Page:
Cure characteristics of the liquid silicone rubber were compared to that of the heat cured rubber gasketing material using a Monsanto moving die rheometer (MDR 2000E) (tel. 5). A five gram sample was placed in a sealed cavity and heated to 177[degrees]C. The torque measurement in this rotorless moving die system (1[degrees] arc) is obtained by introducing a 1.66 Hz movement in the lower die and measuring the resultant torque as a function of time in the upper die. This measurement correlates to the degree of vulcanization of the rubber sample. The t-2 value is the time required for the torque to reach 2% of its maximum torque value and is a good indication of the work life or injection time constraints of rubber material. The t-90 value is the time required to reach 90% of its maximum torque value. This value is a good indication of the cure time required for the small cross-sections seen in gasketing.

Torque (final) is the total or final torque achieved in the curing process. The other values listed are peak rate and time of peak rate. The peak rate describes the changing torque in the reaction and peak time indicates a point at which the torque is changing most rapidly. When all these data are put together, the curing process can better be understood. This fingerprint is also a helpful QC tool to insure the fabricator that continued improvements in production rates will not adversely affect the quality of the gasket. Table 3 shows the speed of cure of the new systems. Using the HCR material as a benchmark, System #1 is about nine times faster and System #2 is about three times faster.

Cure rate vs. compression set

The new liquid silicone rubber systems cure in seconds with no post bake required to achieve ultimate physical properties. System #1 attains 26% compression after only being molded for 20 seconds at 177[degrees]C. The fuel resistant #2 system requires 60 seconds to reach 27% compression set. Data are listed in table 4.

Fuel resistant System #2

In addition to having good oil resistance, liquid silicone rubber System #2 has fuel resistance superior to that of standard silicone rubber compositions at very low cost as compared to fluorosilicone. In table 5, silicone HCR material, System #2 and 100 mole % fluorosilicone were tested in References Fuel C and M25 (75% Reference Fuel C and 25% methanol) per ASTM D471 (i.e. 24 hrs. at 23[degrees]C). These materials were molded under the following conditions:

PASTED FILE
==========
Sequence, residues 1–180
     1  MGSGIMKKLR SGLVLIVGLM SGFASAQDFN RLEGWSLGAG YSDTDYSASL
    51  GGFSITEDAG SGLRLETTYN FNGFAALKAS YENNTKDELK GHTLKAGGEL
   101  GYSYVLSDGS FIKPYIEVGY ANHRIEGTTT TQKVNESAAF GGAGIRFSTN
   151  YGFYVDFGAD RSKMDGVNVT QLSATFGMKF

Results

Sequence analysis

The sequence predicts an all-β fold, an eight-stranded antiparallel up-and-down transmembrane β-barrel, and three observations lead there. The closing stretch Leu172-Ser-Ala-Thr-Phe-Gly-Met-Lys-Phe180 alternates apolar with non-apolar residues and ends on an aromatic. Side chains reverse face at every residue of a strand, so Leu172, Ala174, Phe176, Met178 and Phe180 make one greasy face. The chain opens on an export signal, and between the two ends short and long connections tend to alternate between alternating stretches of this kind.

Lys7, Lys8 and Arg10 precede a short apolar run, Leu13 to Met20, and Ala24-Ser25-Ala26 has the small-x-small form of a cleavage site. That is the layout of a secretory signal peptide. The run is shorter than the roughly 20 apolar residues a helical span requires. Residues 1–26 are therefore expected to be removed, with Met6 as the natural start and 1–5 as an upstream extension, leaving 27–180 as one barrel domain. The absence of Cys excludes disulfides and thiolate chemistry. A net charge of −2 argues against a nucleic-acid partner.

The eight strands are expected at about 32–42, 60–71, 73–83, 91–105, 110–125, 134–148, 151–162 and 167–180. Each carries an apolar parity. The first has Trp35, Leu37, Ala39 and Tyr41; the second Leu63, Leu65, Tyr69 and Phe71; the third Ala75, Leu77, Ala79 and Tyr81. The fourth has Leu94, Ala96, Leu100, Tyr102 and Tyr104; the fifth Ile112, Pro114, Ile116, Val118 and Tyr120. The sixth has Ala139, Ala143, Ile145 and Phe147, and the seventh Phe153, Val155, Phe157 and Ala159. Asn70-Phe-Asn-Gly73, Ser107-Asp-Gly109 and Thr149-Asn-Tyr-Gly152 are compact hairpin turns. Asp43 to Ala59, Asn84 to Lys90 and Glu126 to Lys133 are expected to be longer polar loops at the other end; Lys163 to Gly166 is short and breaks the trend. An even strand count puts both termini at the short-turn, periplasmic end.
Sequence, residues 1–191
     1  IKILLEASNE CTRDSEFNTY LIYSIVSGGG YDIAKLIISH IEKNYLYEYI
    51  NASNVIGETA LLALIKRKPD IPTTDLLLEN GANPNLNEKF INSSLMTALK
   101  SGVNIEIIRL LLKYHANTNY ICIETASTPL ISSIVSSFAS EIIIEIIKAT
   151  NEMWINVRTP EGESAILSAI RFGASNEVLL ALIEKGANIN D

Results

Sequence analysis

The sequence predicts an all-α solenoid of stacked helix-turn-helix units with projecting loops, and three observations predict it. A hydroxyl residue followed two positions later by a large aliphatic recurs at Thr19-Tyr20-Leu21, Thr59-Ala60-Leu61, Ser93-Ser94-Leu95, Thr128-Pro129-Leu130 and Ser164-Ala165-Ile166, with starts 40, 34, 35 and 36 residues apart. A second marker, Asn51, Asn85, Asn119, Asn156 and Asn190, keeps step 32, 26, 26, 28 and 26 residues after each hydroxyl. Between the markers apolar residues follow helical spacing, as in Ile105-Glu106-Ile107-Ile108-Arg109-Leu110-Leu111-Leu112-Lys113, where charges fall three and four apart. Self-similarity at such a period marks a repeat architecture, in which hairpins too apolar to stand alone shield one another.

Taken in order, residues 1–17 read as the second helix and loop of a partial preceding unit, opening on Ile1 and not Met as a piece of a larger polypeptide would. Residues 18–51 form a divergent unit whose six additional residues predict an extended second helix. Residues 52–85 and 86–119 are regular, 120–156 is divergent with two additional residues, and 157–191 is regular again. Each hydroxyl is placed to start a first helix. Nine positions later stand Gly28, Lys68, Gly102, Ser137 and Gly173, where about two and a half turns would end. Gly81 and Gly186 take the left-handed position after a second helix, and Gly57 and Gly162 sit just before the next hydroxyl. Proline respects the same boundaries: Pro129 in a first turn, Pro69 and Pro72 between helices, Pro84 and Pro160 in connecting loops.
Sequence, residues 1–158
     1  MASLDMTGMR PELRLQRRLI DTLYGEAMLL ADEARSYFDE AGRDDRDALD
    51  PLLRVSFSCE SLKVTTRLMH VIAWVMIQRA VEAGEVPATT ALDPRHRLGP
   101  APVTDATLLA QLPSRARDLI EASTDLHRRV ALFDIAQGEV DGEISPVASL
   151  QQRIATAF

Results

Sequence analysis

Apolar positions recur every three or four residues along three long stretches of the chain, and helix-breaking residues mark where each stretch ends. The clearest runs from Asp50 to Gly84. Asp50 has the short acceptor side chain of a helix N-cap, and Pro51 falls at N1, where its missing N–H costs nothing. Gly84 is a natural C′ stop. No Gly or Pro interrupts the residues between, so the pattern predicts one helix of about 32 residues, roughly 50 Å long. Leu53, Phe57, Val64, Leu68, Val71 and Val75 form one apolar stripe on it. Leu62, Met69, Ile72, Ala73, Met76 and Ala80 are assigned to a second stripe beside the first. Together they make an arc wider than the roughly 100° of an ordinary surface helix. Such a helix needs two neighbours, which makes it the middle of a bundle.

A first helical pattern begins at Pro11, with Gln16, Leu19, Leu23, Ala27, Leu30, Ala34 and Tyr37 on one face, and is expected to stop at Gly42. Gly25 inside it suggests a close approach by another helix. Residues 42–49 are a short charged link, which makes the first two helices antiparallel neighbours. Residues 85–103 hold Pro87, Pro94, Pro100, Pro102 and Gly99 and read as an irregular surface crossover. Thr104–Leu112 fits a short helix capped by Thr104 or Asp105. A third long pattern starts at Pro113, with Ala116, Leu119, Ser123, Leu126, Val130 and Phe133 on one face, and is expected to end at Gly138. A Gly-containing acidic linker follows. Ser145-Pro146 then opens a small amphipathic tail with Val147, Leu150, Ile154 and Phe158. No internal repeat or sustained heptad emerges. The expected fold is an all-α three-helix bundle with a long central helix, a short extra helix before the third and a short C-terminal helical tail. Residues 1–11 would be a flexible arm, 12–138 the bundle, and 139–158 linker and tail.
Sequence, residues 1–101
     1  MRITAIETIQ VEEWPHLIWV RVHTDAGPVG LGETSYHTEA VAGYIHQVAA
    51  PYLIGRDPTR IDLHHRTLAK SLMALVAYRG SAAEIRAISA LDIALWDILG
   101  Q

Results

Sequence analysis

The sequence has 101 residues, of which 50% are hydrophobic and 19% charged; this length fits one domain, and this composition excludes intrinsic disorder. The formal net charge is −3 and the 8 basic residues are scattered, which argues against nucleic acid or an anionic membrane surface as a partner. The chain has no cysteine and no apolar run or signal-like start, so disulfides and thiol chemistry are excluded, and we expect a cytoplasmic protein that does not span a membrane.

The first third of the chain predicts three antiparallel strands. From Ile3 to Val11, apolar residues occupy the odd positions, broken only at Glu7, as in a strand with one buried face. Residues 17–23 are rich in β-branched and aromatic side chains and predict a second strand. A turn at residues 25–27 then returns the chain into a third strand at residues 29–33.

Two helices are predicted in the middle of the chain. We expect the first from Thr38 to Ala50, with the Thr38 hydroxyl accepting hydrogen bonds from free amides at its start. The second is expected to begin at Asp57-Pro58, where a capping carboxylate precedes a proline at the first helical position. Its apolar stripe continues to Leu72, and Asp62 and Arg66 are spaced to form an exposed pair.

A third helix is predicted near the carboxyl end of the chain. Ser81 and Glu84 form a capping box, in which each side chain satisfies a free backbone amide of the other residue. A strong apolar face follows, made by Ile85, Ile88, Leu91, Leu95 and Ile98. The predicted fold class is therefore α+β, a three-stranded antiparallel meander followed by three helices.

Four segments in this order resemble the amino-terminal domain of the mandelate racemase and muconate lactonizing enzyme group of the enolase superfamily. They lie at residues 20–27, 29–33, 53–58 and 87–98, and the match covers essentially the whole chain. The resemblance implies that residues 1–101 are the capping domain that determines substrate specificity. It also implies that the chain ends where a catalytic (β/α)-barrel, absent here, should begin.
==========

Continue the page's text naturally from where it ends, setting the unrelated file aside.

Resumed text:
* HCR was cured 15 min. at 177[degrees]C in a compression mold with no post bake.

* System #2 was injection molded 60 seconds at 177[degrees]C with no post bake.

* Fluorosilicone was compression molded 15 min. at 177[degrees]C with a post bakeof four hours at 200[degrees]C.

Gasoline and gasohol resistance are becoming increasingly important in automotive gasketing because a small amount of these fluids can contaminate motor oil during low temperature start ups. The tests were run per ASTM D 471 specification. This would represent the worst case, that of a total immersion in the reference fluid. The low tensile, elongation and Shore A losses of System #2 in Fuel C and M25 show that this material may be useful in applications involving casual contact with gasoline and gasohol, where previously the more expensive fluorosilicone was the only alternative.


Two new liquid silicone rubber gasketing materials have been developed that have the following features: pumpable; high strength; low compression set with no post bake; rapid molding; oil resistance; moderate fuel resistance at lower cost. These materials are designed specifically to meet gasketing application needs.


1. Laghi, A.A. Paper presented ACS Rubber Division Meeting, Detroit, MI, October 8, 1980.

2. Laghi, A.A. Paper presented ACS Rubber Division Meeting Cleveland, OH, October 6, 1987.

3. Toub, M. and Christie, G. Paper presented ACS Rubber Division Meeting Cleveland, OH, October4, 1982.

4. Pala, J., Buch, V, and McDowell, D. SAE paper #870002 "Retention of sealing force by elastomeric gaskets."

5. Monsanto Instruments and Equipment Division, 2689 Wingate Avenue. Akron, OH 44314.
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Article Details
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Author:Jeram, Edward M.
Publication:Rubber World
Date:Oct 1, 1992